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Need to Know: How bad air quality affects you

The people most at risk are those with upper respiratory conditions and children under the age of 10. The air quality in Sacramento is especially poor due to the Camp Fire in Butte County.

Hazardous levels of smoke built up Thursday afternoon from the Camp Fire in Butte County, causing many places in the Sacramento Valley to reach levels well into the hazardous range for several hours.

ABC10 spoke with an expert who explained why the smoke is so hazardous to health:

  • The Camp Fire is still burning.
  • Wind pattern - There is no strong wind pattern to move the smoke out of the region.
  • Inversion - This is when warmer air sits above cooler air and is similar to our winter fog pattern. The foothills are slightly warmer than the valley floor at night. That warmer air above the valley is basically like putting a blanket over us and the air can’t move.

Until one of those elements start to improve, the smoke is here to stay. The concern level is so high, that some school districts will close on Friday.

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Dr. John Balmes, a professor of environmental health sciences at the University of California, explained the effects of prolonged exposure to the unhealthy air.

The people most at risk are those with upper respiratory conditions and children under the age of 10.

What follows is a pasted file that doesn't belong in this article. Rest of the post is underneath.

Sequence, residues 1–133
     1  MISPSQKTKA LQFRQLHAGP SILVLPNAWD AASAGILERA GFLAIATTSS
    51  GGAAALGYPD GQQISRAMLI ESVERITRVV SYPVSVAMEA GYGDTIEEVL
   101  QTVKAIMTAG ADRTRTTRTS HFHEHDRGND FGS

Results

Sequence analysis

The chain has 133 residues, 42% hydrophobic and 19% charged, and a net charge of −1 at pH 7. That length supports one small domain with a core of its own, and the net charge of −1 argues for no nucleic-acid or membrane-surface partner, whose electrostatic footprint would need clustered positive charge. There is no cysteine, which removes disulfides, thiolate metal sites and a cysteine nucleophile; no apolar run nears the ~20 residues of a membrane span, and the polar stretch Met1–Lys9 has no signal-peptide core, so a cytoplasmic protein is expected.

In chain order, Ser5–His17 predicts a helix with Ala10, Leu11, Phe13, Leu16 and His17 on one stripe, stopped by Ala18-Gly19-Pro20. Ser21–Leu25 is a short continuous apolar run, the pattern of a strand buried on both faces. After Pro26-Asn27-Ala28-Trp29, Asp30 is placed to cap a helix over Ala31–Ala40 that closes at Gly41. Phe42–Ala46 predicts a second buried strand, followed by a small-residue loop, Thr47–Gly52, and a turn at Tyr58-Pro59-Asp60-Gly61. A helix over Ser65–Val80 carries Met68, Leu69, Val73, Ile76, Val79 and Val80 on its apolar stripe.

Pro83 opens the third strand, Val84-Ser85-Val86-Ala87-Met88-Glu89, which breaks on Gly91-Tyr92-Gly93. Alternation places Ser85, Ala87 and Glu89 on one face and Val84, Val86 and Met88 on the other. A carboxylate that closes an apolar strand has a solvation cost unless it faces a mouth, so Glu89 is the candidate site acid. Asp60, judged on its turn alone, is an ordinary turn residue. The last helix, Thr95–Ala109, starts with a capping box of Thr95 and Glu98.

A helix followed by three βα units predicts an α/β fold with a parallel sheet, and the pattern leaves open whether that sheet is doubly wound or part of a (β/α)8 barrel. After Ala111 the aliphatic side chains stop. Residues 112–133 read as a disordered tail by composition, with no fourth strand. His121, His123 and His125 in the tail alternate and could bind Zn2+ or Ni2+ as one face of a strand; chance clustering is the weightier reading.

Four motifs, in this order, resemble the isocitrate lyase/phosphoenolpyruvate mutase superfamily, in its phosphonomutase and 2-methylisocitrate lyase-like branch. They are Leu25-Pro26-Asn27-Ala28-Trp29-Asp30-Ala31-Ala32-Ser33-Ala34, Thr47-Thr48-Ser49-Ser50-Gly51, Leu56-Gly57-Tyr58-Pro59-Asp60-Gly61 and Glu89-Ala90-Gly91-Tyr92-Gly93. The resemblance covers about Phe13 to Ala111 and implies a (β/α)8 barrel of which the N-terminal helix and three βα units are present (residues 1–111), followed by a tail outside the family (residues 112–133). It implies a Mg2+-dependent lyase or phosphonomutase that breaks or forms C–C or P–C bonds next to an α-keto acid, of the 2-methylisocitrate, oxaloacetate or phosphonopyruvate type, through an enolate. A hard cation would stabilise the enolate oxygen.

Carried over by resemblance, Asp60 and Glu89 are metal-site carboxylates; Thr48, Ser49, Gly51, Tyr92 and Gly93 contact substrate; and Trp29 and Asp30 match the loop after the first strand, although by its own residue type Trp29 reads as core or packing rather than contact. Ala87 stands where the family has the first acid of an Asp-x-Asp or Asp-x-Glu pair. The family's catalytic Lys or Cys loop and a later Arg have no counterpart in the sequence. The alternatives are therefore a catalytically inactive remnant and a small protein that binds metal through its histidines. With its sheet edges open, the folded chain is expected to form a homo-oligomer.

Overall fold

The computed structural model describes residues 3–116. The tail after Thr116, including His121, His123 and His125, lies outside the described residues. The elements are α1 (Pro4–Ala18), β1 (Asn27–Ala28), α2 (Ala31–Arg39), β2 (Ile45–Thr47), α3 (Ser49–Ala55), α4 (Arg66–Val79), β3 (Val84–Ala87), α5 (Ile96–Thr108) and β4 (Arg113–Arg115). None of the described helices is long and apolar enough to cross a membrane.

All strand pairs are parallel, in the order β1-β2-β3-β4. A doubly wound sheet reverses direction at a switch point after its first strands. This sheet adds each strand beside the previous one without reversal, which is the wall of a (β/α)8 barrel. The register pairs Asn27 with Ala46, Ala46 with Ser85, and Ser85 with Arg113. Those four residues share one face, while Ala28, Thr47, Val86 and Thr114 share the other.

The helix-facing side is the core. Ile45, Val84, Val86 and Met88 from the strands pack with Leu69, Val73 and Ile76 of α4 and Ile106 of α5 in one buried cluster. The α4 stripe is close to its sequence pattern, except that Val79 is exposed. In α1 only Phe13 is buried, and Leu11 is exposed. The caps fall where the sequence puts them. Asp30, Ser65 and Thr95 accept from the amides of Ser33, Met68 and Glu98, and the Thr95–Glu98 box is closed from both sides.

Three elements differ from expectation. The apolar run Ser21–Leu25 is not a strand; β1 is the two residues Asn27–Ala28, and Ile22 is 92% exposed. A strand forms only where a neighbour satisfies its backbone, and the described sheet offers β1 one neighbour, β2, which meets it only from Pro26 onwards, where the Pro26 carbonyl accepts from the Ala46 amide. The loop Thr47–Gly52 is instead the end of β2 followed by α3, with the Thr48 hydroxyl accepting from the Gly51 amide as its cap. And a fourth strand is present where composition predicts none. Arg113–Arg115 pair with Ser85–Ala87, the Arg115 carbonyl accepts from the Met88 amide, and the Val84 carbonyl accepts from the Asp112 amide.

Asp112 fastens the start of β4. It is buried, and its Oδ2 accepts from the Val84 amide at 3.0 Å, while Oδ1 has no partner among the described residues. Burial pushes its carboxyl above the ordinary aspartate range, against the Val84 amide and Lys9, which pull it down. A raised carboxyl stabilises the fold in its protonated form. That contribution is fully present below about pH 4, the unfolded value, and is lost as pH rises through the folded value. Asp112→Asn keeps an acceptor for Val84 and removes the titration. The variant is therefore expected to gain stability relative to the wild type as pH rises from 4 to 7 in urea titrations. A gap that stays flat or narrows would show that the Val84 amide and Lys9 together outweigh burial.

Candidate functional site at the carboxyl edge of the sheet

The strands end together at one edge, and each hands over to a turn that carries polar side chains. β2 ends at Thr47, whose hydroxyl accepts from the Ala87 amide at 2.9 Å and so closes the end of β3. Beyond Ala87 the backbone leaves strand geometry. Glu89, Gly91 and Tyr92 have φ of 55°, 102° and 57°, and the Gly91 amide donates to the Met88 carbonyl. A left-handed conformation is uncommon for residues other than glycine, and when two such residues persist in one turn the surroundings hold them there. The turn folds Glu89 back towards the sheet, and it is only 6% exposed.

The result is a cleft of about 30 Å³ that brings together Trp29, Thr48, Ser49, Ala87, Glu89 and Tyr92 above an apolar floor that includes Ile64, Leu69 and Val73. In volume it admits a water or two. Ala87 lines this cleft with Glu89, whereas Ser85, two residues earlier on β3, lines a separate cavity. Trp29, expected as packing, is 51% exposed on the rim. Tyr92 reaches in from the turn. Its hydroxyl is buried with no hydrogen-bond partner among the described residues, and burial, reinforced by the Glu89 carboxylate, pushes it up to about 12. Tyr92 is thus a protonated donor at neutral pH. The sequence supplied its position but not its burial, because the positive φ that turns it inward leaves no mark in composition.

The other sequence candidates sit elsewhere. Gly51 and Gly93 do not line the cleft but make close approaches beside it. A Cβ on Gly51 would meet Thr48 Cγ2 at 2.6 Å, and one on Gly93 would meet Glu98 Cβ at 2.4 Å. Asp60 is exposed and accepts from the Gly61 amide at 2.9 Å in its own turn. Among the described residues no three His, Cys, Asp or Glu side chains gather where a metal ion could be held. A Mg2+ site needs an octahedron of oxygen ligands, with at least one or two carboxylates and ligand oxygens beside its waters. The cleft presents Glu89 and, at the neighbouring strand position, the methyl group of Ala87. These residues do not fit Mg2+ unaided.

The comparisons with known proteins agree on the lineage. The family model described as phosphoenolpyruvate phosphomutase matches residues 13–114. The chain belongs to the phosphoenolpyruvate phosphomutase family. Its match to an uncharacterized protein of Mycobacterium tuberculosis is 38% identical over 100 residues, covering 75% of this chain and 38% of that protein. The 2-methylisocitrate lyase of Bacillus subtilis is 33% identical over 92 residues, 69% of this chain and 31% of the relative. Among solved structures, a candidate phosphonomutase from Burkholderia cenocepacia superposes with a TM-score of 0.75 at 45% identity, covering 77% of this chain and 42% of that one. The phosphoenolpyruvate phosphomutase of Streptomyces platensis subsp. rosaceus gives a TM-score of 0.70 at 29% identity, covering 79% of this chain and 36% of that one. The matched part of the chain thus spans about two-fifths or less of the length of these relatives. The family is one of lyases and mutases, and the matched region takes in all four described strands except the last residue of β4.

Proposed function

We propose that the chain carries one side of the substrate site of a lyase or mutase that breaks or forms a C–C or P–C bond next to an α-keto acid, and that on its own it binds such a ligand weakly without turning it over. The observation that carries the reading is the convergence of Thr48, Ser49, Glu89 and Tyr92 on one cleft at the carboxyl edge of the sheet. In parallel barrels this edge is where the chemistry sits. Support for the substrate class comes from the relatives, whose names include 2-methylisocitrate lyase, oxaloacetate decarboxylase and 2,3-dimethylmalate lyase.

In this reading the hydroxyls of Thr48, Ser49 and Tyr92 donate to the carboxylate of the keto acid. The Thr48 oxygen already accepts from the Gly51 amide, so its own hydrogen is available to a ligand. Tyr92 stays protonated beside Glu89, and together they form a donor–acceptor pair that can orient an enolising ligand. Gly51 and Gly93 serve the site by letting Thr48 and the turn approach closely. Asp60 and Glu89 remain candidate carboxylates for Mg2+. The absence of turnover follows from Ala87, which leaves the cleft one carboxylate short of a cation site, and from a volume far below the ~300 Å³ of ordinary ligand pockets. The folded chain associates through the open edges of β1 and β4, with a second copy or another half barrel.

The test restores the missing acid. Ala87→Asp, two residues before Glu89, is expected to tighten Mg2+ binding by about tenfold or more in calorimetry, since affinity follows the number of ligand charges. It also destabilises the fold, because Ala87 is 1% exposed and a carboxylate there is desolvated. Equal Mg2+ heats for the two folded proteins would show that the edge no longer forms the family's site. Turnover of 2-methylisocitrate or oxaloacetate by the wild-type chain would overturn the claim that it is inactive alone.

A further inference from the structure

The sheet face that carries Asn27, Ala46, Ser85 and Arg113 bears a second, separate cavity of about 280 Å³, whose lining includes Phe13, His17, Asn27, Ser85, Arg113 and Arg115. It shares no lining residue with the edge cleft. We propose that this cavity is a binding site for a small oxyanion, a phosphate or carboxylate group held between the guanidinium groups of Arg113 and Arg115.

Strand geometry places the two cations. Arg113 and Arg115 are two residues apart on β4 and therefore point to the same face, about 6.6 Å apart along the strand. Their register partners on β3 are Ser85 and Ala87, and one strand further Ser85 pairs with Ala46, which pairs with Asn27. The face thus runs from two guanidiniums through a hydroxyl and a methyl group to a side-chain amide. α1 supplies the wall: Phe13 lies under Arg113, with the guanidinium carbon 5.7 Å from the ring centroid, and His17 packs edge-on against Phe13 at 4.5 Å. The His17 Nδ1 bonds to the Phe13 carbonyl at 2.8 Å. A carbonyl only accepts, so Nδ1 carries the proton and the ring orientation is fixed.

"Exposure to wildfire smoke can lead to a number of different health issues," he said. "Pneumonia, coughing, and in some cases bronchitis, headaches, moodiness, stress and with limited outdoor access it can cause kids to act out."

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Dr. Balmes also stressed that we have now entered the cold and flu season. That, combined with the wildfire smoke in our the county, adds to the importance of staying indoors as often as possible.

RELATED: "California Wildfires: The New Normal" is ABC10's new 9-part series on how wildfires are changing lives across Northern California.

Watch Now: Episode 7: "Fighting to Rebuild." Even with insurance, the road to recovery from losing everything to a wildfire can be a long one. Over a year later, residents of the Coffey Park neighborhood in Santa Rosa are still fighting to rebuild their lives.